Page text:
If you purchase a low-end $15,000 trailer camper, expect to get what you pay for. Equipment levels will be minimal and cheap, as will the overall design.
Buy a $188,000 Airstream and expect to get higher-end furnishings. (Why are Airstreams so expensive?)
Is A Travel Trailer A Good Investment?
A travel trailer is not a good investment in the traditional sense of the word, and it most likely will not appreciate and will most likely cost you money in the long run. In other words, camp trailers don't hold their value (in most cases).
However, this isn't the proper way to measure if buying one is worth it. They are an excellent investment if you spend enough time camping with your family or friends and if you genuinely enjoy the RVing lifestyle.
RVs are often an economical and fun way to see new parts of the country and explore areas you've never been to or enjoy spending time in.
What Is The Average Life Of A Travel Trailer?
The average life of tow-behind trailers varies greatly depending on their initial construction quality (often poor) and how well you take care of and maintain the rig. The useful life can approach 20+ years if not abused, especially if you start with a quality RV.
Like most things in life, the better you take care of it, the better it will take care of you. However, if you start with a piece of junk, don't expect it to give you a long, trouble-free life.
Can You Take A Travel Trailer Off-Road?
You can take travel trailer campers off-road, but don't expect to take the average one up the side of a mountain following a goat path.
I've taken my 24-foot-long RV trailer off-road many times, but mostly down decently maintained gravel roads in a National Forest or BLM area. Some places have been sketchier, and after arriving at the location, I questioned my sanity, but these are the exceptions.
Some models are better equipped to go down rougher roads because they have higher ground clearance and suspensions setup to handle rougher conditions. Though most recreational trailers can handle most light off-road situations, getting to a reasonably tame spot in the backcountry should be attainable for most.
Can You Move A Travel Trailer By Hand?
Only the smallest and lightest travel trailer RVs can be moved by hand, which means most will require a vehicle to reposition them. Before you unhitch from your tow vehicle, make sure you are in the position you want to be in. Otherwise, you will need to hitch back up and make an adjustment (you'll do that once and then be more careful in the future).
Can You Live In A Travel Trailer Year-Round?
You certainly can live in RV camper trailers year-round. Both Camp Addict co-founder Kelly and I did just this for a combined total of 12 years. So yes, you can permanently live in trailer campers. This is becoming a more popular lifestyle choice for many different age groups (not just the older generation, typically the demographic one thinks about traveling around full-time).
Do Any Travel Trailers Have 2 Bathrooms?
There are travel trailers with two bathrooms, but these will be longer floorplans with room to spare. An average-size pull trailer will have a single bathroom, and smaller models will have a wet bath (combines the shower and toilet into a single small compartment).
Pull-behind campers are the most diverse class of RVs with multiple lengths, floor plans, models, and styles available to please just about anyone's RVing needs.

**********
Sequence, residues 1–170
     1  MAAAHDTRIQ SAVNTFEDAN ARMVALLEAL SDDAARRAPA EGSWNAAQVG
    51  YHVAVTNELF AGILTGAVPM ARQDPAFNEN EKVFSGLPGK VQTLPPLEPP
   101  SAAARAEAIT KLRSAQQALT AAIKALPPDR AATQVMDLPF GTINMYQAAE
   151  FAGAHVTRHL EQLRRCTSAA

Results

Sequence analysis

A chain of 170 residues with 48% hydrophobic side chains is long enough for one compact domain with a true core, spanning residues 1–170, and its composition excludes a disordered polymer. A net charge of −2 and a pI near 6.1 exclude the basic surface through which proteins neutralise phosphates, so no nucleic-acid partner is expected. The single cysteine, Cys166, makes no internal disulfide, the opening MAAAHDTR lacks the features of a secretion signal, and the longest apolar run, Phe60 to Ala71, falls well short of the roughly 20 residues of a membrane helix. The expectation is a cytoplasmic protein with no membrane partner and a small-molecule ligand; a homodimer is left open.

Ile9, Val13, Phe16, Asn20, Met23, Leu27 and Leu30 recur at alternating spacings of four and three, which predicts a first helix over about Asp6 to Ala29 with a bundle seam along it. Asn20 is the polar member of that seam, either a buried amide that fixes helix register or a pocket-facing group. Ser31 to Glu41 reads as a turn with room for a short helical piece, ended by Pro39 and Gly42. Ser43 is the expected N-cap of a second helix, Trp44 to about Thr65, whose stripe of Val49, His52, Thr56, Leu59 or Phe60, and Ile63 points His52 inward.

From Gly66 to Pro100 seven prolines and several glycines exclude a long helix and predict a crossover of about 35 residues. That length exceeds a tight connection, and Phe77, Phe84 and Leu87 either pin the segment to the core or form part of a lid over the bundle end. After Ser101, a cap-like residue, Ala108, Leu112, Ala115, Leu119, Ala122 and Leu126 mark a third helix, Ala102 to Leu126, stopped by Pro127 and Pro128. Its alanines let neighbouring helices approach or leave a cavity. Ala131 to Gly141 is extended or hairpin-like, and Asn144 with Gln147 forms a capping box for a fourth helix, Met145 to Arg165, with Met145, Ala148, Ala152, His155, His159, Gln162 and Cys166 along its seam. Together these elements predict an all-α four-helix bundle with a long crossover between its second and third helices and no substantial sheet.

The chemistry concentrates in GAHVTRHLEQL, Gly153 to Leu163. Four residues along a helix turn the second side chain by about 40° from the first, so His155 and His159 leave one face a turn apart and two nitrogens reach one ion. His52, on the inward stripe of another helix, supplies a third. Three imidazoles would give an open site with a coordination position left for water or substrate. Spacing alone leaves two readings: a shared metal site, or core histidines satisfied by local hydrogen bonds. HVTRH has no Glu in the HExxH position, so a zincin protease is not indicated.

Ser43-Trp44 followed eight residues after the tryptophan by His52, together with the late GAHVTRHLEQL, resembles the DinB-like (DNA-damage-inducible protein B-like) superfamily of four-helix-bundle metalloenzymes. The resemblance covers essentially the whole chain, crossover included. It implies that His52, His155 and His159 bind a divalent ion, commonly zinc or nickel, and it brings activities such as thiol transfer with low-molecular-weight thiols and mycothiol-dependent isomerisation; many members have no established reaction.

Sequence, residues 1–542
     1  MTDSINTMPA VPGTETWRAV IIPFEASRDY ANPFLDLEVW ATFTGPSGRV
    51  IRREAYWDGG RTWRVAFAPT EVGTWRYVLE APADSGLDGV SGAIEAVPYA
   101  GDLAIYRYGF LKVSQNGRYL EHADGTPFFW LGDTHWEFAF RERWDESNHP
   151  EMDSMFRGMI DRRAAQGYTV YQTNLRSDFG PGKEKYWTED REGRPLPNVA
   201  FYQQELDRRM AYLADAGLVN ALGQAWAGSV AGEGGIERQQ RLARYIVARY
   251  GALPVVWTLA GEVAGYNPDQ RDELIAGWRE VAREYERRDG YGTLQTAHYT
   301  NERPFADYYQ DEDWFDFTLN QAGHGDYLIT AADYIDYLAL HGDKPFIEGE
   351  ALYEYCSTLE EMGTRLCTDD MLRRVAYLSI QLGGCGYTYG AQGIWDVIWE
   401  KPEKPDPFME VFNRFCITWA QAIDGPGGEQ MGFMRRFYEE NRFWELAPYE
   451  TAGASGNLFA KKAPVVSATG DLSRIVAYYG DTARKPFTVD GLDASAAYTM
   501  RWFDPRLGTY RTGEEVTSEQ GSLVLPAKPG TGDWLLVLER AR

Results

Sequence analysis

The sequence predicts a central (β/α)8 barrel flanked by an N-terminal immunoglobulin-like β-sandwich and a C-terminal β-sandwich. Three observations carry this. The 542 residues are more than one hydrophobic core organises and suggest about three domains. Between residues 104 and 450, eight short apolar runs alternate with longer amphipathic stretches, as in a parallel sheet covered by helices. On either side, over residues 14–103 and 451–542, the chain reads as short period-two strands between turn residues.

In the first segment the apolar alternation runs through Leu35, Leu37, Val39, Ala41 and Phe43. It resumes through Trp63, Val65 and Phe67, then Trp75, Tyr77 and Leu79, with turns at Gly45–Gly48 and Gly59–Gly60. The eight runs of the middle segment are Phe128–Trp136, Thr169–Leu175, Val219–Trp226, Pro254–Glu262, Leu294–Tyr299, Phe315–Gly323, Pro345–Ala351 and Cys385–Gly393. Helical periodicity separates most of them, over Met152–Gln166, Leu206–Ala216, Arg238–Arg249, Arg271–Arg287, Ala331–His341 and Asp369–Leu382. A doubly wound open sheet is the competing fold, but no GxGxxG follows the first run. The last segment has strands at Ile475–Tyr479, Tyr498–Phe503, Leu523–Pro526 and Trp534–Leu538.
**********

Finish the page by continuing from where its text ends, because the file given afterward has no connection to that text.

As the most popular (and diverse) of the different RV categories, camp trailers are an excellent way for people to enter the world of RVing.
Consider a towable trailer if you are looking for something to take your family out on a weekend adventure or you want an RV to live in year round.. These pull RVs offer such a wide variety of options that you will find one that is right for you.
Both Camp Addict co-founders Kelly and Marshall lived full-time in travel trailers during their combined 12 years of life on the road.
While all RVs are a compromise in one way or another, RV trailers are the right choice for the solo person, couple, or family to experience nature at their favorite campground.
Author: Marshall Wendler
As the co-founder of Camp Addict, Marshall Wendler is a seasoned expert in the world of RVing, with years of hands-on experience living the full-time RV life in his travel trailer. From 2014 to 2020, Marshall learned the ins and outs of the lifestyle and has enjoyed sharing his knowledge and expertise with others. After a brief hiatus as a part-time RVer in 2021 and 2022, Marshall is back on the road full-time, embracing the vanlife and all the exciting possibilities it brings. He particularly enjoys the freedom and flexibility of boondocking and is excited to share his technical insights with the Camp Addict community. Whether you're a seasoned pro or new to the RV world, Marshall has valuable insights and information to share, and is here to help you navigate the exciting world of RVing with confidence and ease.
Hi Marshall…..I’m an RV newbie! Looking to purchase a used (2010-2017) travel trailer in the 18-22′ range. Tow vehicle is a 2010 Toyota Sequoia 4wd (Platinum). Unsure about single axle vs tandem? Do trailers in this size range have brakes? Would a separate brake module (inside the tow vehicle) be advised. I have observed other rigs towing trailers that do NOT have anti-sway/WDH hitches. After reading through your blog I am convinced a WDH is advisable (your thoughts). Thanks in advance and I enjoy your blog…..lots of good info.